actual poker situations, optimum strategy based on
game theory is not always the best strategy. Obviously
if you are up against an opponent who almost always
calls you, then you shouldn't bluff at all. By the
same token, if you are up against someone who folds
too much, you should bluff with some frequency.
Game theory bears out these shifts in strategy. Notice
in the first part of this page that if you bluffed
with five cards instead of six - that is, slightly
less than optimally - you would win $300 more per
42 hands if your opponent called rather than folded
every time. However, if you bluffed with seven cards
instead of six, you would win $300 more if your opponent
folded rather than called every time. Here is where
a player's judgment supersedes optimum game theory
strategy: He would bluff a little less against opponents
who call too much and a little more against opponents
who fold too much.
Good, intuitive players understand this concept. If
they notice they have folded on the end a few hands
in a row, they are ready to call next time. Otherwise
players will start bluffing them. And they use similar
considerations in deciding whether to bluff themselves.
It is against such expert players, whose calling and
folding are right on target, or whose judgment is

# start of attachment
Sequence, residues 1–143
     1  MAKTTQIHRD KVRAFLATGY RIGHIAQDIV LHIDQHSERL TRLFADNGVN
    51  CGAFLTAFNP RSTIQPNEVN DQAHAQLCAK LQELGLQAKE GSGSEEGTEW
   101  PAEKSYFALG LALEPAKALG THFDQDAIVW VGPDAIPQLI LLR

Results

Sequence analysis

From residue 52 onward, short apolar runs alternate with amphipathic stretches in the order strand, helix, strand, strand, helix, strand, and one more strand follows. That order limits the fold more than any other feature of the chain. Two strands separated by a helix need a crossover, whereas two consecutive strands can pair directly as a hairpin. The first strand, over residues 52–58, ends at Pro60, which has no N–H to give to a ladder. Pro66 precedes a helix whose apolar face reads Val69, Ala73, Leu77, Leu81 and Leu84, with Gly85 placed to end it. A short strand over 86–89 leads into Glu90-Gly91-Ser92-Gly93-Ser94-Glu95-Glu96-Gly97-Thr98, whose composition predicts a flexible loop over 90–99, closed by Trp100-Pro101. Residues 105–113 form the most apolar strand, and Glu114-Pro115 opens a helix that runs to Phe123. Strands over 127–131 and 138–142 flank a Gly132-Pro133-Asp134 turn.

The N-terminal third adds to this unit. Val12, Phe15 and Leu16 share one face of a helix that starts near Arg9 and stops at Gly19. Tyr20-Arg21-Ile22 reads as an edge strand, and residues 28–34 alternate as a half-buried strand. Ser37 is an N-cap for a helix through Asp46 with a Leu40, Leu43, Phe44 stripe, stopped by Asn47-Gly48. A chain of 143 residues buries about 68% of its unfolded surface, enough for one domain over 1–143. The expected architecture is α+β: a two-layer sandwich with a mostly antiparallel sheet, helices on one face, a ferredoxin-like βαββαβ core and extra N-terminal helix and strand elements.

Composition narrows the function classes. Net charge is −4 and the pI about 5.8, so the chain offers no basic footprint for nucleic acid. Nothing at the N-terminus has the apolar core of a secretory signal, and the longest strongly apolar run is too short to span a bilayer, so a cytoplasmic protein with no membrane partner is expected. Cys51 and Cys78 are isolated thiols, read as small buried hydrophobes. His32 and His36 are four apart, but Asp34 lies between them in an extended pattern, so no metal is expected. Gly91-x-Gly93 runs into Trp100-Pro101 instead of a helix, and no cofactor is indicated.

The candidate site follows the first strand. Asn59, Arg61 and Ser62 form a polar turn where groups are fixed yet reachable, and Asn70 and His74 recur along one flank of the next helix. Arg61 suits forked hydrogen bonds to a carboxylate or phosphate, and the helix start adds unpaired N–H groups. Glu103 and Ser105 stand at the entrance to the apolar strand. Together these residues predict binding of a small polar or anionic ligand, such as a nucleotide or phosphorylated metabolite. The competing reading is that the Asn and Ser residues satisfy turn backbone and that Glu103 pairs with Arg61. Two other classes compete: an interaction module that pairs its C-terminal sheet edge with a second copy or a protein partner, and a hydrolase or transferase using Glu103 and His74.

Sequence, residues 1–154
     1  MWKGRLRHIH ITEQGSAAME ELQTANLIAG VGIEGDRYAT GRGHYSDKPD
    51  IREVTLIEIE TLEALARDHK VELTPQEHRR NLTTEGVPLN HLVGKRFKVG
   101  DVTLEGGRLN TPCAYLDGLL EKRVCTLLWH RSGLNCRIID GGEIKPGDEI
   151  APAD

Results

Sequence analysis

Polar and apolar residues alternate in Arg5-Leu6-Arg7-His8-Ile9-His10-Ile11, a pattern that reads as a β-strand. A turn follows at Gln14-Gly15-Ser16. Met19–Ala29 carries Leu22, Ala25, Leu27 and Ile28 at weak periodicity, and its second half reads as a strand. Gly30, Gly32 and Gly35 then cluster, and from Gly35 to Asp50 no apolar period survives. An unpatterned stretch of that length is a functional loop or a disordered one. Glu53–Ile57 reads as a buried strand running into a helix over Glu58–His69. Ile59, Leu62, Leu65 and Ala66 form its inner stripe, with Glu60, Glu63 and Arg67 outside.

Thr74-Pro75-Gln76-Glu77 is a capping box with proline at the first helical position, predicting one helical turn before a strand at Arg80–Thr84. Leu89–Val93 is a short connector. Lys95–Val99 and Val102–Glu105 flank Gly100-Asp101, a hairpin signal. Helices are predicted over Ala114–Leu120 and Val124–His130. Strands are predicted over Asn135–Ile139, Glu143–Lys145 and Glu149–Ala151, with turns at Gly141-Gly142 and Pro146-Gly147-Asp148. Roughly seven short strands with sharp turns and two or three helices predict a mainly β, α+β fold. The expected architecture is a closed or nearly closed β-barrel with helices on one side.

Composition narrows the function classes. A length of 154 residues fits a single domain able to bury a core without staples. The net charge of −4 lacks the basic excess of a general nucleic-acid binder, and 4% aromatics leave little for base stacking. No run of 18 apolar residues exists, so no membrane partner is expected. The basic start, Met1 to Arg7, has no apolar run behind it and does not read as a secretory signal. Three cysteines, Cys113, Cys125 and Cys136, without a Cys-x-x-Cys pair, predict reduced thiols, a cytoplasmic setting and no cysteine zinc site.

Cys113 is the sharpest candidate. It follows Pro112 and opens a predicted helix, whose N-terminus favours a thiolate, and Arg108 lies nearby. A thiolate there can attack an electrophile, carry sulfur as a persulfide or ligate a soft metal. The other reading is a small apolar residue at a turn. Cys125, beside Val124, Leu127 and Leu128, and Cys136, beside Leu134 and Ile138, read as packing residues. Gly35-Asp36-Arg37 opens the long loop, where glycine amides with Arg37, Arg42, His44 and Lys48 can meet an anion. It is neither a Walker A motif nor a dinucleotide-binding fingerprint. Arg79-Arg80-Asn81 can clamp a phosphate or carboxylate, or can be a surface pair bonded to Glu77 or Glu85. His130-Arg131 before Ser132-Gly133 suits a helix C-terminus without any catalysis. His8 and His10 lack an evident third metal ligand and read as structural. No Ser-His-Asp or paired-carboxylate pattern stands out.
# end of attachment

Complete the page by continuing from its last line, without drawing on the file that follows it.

as good as or better than yours, that game theory
becomes the perfect tool. When you use it, there is
no way they can outplay you.
the flop, you should often think of your position
relative to the aggressor rather than relative to
the button. For example, if you're first to act but
you know the opponent on your immediate left will
bet if you check, then you effectively have last position.
You can be fairly sure of when a particular opponent
will bet surprisingly often.
Preflop raisers often automatically bet the flop.
Some players will automatically bet from late position
on the flop if its checked to them.
Many players telegraph their intent to bet by prematurely
reaching for their chips. When they are reaching for
their chips in a natural way, as opposed to putting
on a show of reaching for chips, they usually intend
to bet. I'll get into that a little more in chapter
9 (tells and hand reading).